Atty La Viña highlights importance of environmental education in climate change agenda of the Philippines

“We are not smart, that’s why we are losing in this game of tug of war with the changing climate.”

This is how Atty. Antonio GM. La Viña described how we are addressing climate issues in the modern times. “To win the game, and for us to unitedly pull the rope that holds our environment from the verge of falling, we must acknowledge the certainty of climate change. There is no doubt that climate change is occurring, and human activities are to be blamed for this shift brought on by rising temperatures. It is not God’s act when it rains excessively.” says Atty. La Viña. He further elaborated that “..human actions, such as pollution, the use of fossil fuels, the way agriculture, deforestation, and industrialization, all contribute to climate change. The extreme weather events that happened in the previous years, e.g., Yolanda, Reming, Ondoy, these are the consequences of human acts that could have been avoided 20 years ago if we had made tough decisions to limit emissions.”

The 13th PNEE International Conference and Scientific Meeting held last November 11-12, 2021, where Atty. La Viña was invited as one of the keynote speakers, happened simultaneously with the COP26 (Conference of the Parties) in Glasgow in Scotland. The United Nations has been convening global climate conferences for over three decades, bringing nearly every country together. According to the Paris Agreement in 2015 (COP21), nations must lay forth their plans every five years. This means that nations had to submit or amend their emission-reduction strategies, known as nationally determined contributions (NDCs) by 2020. The summit in Glasgow (originally scheduled for 2020 but postponed due to the pandemic) is a vital point in the world’s campaign to preserve the goal of keeping global temperature rises to 1.5 degrees alive.

For the aspirations of the COP26 to be realized, Atty. La Viña presented integrated approaches such as nature-based solutions (Nbs), climate friendly agriculture, and climate resilient cities for the Philippines to consider. Additionally, cross-cutting principles such as mainstreaming human rights, integrity of ecosystems, and good governance must be highlighted. From the first COP in 1995 held in Geneva up to the COP 26 in Glasgow, the evolutionary science has become more and more important given that what is applicable back then may not be effective now. For us to realize the 1.5 degrees cap, Atty. La Viña presented priority focus on these areas: (a) accelerating transition to renewable energy, (b) stopping new coal plant including those already approved, (c) stopping financing of fossil fuel projects, (d) divestment from carbon intensive corporations, and (e) litigating climate justice. Addressing the issues on climate change means changing the current political landscape and system.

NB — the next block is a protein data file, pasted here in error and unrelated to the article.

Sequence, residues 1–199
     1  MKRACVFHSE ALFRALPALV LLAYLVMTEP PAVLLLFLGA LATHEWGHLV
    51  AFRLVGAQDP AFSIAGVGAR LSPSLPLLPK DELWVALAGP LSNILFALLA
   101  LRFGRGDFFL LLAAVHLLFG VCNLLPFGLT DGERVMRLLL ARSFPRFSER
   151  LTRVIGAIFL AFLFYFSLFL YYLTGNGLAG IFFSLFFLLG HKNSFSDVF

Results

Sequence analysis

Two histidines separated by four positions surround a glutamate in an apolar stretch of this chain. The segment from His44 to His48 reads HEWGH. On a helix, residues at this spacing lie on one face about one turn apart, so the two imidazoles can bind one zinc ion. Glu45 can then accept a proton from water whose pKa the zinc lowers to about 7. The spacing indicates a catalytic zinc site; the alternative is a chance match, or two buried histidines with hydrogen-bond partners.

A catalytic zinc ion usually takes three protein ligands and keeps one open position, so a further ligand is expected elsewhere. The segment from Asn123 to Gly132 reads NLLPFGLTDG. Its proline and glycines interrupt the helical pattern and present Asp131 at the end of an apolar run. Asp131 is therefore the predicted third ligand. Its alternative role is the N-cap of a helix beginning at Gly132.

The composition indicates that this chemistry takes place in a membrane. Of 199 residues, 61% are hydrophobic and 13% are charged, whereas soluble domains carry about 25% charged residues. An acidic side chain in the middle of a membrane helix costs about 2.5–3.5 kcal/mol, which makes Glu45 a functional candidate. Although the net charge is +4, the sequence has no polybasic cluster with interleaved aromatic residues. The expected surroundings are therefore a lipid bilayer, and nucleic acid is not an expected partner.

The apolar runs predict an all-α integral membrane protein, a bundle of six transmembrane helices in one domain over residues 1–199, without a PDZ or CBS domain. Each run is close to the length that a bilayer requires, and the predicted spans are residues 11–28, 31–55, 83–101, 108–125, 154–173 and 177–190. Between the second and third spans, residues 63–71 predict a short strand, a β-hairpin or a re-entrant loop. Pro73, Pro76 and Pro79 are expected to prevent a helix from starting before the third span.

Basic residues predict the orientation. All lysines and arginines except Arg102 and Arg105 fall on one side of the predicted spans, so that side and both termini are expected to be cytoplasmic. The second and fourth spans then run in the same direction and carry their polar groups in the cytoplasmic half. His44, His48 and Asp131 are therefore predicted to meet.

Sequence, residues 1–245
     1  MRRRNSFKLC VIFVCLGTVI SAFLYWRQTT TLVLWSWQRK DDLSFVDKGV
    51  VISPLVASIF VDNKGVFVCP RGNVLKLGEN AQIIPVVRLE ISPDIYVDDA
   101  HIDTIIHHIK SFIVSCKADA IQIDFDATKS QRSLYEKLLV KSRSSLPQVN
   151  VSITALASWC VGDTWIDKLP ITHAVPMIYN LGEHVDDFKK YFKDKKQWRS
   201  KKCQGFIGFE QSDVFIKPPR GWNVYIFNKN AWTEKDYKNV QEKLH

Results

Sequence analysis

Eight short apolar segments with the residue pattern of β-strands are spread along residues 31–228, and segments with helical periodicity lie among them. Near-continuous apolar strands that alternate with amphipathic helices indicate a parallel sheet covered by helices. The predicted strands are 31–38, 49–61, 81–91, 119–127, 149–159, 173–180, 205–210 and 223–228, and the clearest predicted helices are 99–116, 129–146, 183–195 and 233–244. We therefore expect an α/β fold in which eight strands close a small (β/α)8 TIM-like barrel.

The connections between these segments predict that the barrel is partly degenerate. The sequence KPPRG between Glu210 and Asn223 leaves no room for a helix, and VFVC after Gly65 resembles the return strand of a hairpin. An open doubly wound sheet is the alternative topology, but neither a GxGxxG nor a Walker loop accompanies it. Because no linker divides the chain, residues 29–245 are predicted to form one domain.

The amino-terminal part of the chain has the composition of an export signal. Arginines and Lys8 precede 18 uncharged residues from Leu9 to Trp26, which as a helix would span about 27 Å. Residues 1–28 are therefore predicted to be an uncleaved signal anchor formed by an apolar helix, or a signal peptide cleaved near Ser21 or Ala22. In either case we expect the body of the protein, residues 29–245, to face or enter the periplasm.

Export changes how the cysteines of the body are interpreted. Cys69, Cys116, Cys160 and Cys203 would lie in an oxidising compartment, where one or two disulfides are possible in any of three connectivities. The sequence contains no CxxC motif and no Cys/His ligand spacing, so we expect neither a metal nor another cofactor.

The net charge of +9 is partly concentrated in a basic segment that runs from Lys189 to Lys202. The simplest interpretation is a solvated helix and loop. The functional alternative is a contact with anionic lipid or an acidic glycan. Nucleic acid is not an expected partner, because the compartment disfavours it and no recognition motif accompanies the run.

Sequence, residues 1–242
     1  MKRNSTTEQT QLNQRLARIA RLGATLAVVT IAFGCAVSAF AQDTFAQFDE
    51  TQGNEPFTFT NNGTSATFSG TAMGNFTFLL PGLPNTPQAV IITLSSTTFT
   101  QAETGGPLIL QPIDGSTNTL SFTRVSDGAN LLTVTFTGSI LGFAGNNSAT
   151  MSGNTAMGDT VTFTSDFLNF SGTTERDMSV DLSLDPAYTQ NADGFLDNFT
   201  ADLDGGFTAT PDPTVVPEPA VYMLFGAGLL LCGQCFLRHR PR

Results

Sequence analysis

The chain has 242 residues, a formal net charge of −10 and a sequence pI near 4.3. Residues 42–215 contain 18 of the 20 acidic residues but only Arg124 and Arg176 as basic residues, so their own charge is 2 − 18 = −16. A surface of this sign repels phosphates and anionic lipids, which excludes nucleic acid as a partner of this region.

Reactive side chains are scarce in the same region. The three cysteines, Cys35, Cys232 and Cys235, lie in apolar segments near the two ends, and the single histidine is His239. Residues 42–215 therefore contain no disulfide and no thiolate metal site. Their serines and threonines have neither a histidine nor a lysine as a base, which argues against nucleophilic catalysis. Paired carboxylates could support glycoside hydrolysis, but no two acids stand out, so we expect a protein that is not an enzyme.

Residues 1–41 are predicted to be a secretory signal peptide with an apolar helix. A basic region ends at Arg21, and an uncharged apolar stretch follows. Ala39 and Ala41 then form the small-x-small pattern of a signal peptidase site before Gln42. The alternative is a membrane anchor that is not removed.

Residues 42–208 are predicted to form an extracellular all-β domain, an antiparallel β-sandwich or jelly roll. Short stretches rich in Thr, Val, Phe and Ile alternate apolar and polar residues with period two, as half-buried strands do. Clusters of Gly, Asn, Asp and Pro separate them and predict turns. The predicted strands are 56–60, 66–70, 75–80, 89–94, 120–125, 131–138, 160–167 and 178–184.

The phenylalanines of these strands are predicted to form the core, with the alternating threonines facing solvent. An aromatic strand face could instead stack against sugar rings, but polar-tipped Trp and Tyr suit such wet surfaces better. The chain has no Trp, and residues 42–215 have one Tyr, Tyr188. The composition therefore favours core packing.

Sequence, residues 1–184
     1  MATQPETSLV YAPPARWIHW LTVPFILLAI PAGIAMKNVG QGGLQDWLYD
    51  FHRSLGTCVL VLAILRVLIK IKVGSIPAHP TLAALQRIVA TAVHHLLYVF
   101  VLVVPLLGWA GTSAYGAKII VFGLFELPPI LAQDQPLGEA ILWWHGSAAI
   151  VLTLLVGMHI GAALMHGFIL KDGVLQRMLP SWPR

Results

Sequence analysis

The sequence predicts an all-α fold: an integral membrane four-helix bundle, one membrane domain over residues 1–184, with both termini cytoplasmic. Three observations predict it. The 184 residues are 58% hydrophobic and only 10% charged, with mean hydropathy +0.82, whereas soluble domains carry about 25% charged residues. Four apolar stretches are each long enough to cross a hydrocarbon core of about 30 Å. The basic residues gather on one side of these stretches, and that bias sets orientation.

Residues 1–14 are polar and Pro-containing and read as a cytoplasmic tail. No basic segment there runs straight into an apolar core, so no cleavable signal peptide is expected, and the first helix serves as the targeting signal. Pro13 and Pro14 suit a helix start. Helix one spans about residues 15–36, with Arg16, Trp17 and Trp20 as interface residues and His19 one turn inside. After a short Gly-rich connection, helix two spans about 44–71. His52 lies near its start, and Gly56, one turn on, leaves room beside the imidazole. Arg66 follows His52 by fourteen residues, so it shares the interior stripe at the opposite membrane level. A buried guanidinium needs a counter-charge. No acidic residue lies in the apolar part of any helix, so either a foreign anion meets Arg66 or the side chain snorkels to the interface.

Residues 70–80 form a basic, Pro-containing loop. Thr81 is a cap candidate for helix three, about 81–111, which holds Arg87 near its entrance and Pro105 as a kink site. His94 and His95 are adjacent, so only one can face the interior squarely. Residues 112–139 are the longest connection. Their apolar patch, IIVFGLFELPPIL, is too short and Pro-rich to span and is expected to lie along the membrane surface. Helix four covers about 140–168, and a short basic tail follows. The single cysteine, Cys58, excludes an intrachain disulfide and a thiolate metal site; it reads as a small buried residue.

This is where environmental educators play a role. To teach students proper measures so they will not feel helpless to face big environmental problems. To be able for them to ask the right questions by respecting science, and by being flexible, adaptive, and imaginative. 

In the final part of Atty. La Viña’s keynote talk, he presented small ways that we can do individually to reduce carbon footprint:

  • Meat-free Mondays: having your meaty days from 7 per week to 3 or 4 will annually reduce carbon footprint by up to 1.5 tons
  • Short Tuesday: shorter showers, ditching baths, or reducing showering from 7 – 4 minutes will reduce carbon footprint by 100 kg of CO2
  • Warm Wednesdays: saving energy at home or turning temperature down by 1 degree Celsius and saving 10% of heating bills
  • Seasonal Thursdays: Eating seasonal foods since these have smaller carbon footprints because they are grown in natural conditions with few fertilizers
  • Fuel-free Fridays: choosing a more sustainable way to travel – walking, cycling, taking the bus, or carpooling

The two-day virtual conference was organized by the PNEE (formerly EENP) which aims to promote sustainable development through a strong and independent network of Philippine institutions. The UPLB-SESAM has taken the lead in the foundation of PNEE and has been serving as its permanent secretariat. At present, PNEE has 92 institutional members (state universities and colleges and non-government organizations) and 785 individual members (faculty, and researchers) throughout the Philippines (Rusty Placino).

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